Business Model Canvas: What it is and how to create a business model canvas
Have you ever felt that it is difficult to communicate and set strategic objectives in your company? This is a common issue and depending on the nature of the problem there may be different solutions. The truth is that the easier it is to understand what your business and each of its units do, the easier it will be to convey your ideas to your employees, partners, and investors, so it will not be so difficult for them to understand you and you can count on everyone's collaboration to set more precise and robust goals.
Therefore, I bring you an extremely useful and compact tool to achieve that clarity when explaining to the world what you do. Today we are going to learn how to build a Business Model Canvas (BMC) step by step. Stay and read this blog to discover what this tool is, what it is for and how to build it step by step.
If you want to know what a business model is, I invite you to visit this blog that explains it in detail: What is a Business Model? Business Models Explained
What is a Business Model Canvas?
A business model is made up of nine building blocks, which are the most important pillars that every company should identify to understand how to organize its resources and plan its strategic objectives. A BMC is nothing more than a one-page canvas that helps you synthesize and visualize the logic of your business model in a clear and orderly way. It is the best way to understand and explain what your company does to generate value.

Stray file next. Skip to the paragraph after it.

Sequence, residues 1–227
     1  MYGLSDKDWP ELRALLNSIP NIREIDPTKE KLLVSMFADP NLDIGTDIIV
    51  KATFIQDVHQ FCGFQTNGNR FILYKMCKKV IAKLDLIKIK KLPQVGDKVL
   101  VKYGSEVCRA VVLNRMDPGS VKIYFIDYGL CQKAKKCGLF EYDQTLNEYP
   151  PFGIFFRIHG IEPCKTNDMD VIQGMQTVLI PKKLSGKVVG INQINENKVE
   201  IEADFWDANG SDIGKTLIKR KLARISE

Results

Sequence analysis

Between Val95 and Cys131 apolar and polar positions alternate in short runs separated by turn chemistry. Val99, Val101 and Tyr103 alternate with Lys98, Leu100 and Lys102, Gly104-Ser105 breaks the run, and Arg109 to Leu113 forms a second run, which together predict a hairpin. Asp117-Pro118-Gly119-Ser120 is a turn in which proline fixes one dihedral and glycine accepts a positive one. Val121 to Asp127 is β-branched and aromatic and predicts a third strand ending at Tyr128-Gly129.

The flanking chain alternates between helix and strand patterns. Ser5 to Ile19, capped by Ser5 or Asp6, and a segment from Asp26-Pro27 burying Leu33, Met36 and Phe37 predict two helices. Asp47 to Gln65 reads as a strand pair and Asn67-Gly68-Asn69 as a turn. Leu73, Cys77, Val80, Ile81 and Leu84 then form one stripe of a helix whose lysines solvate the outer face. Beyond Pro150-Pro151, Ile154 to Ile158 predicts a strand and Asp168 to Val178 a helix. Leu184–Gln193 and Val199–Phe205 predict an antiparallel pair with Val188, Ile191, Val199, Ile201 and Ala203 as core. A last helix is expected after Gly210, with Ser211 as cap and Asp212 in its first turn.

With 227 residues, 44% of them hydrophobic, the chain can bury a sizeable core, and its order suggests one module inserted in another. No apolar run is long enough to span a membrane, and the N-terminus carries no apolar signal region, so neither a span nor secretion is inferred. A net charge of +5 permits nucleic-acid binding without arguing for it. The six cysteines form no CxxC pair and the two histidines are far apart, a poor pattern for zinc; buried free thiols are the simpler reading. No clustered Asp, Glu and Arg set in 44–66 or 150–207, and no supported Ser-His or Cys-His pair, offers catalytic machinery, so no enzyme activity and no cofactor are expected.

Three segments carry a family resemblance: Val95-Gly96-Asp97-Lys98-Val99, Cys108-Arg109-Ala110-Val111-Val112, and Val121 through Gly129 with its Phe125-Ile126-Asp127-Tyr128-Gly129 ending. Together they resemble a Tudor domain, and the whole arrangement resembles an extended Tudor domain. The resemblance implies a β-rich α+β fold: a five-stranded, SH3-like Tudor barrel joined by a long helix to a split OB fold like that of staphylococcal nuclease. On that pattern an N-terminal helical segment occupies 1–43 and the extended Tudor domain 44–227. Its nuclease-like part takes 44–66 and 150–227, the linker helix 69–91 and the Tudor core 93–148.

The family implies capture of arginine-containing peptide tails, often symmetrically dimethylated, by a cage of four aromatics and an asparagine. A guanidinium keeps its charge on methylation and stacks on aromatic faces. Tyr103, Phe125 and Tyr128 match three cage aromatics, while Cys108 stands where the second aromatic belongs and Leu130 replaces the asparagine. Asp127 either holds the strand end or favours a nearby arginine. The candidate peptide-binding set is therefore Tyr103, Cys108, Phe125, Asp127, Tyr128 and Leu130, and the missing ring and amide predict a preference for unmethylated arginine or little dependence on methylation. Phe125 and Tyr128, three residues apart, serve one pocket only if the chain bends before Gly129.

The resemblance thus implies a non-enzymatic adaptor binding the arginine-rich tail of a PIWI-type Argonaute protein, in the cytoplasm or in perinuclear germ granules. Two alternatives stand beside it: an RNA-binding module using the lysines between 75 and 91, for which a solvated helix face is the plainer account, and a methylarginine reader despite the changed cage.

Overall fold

The building blocks that make it up are:
To learn in much more detail about what each of these blocks contains, I recommend reading the book "Business Model Generation" by Yves Pigneur and Alexander Osterwalder. Anyway, in the last section of this blog we summarize what you need to know about each one to build your canvas.
If you want to see more details about these blocks, this article will help you to quickly review them: What is a business model?
What is it for?
For Yves Pigneur and Alexander Osterwalder, a business model portrays the logic by which a company generates and delivers value, and a canvas is a visual summary of this definition. Separating the different building blocks allows you to see the overall structure of your value proposition and everything you need to support it. Perhaps the most notable advantage is that it gives you the ability to set strategic objectives based on the performance of each block, but it also gives you the clarity to understand it in a simpler way and therefore also to communicate and explain your business to anyone, but it doesn't stop there.
In addition to helping you plan, there are other uses that companies have found for it, here are three additional applications.
Para medir tus objetivos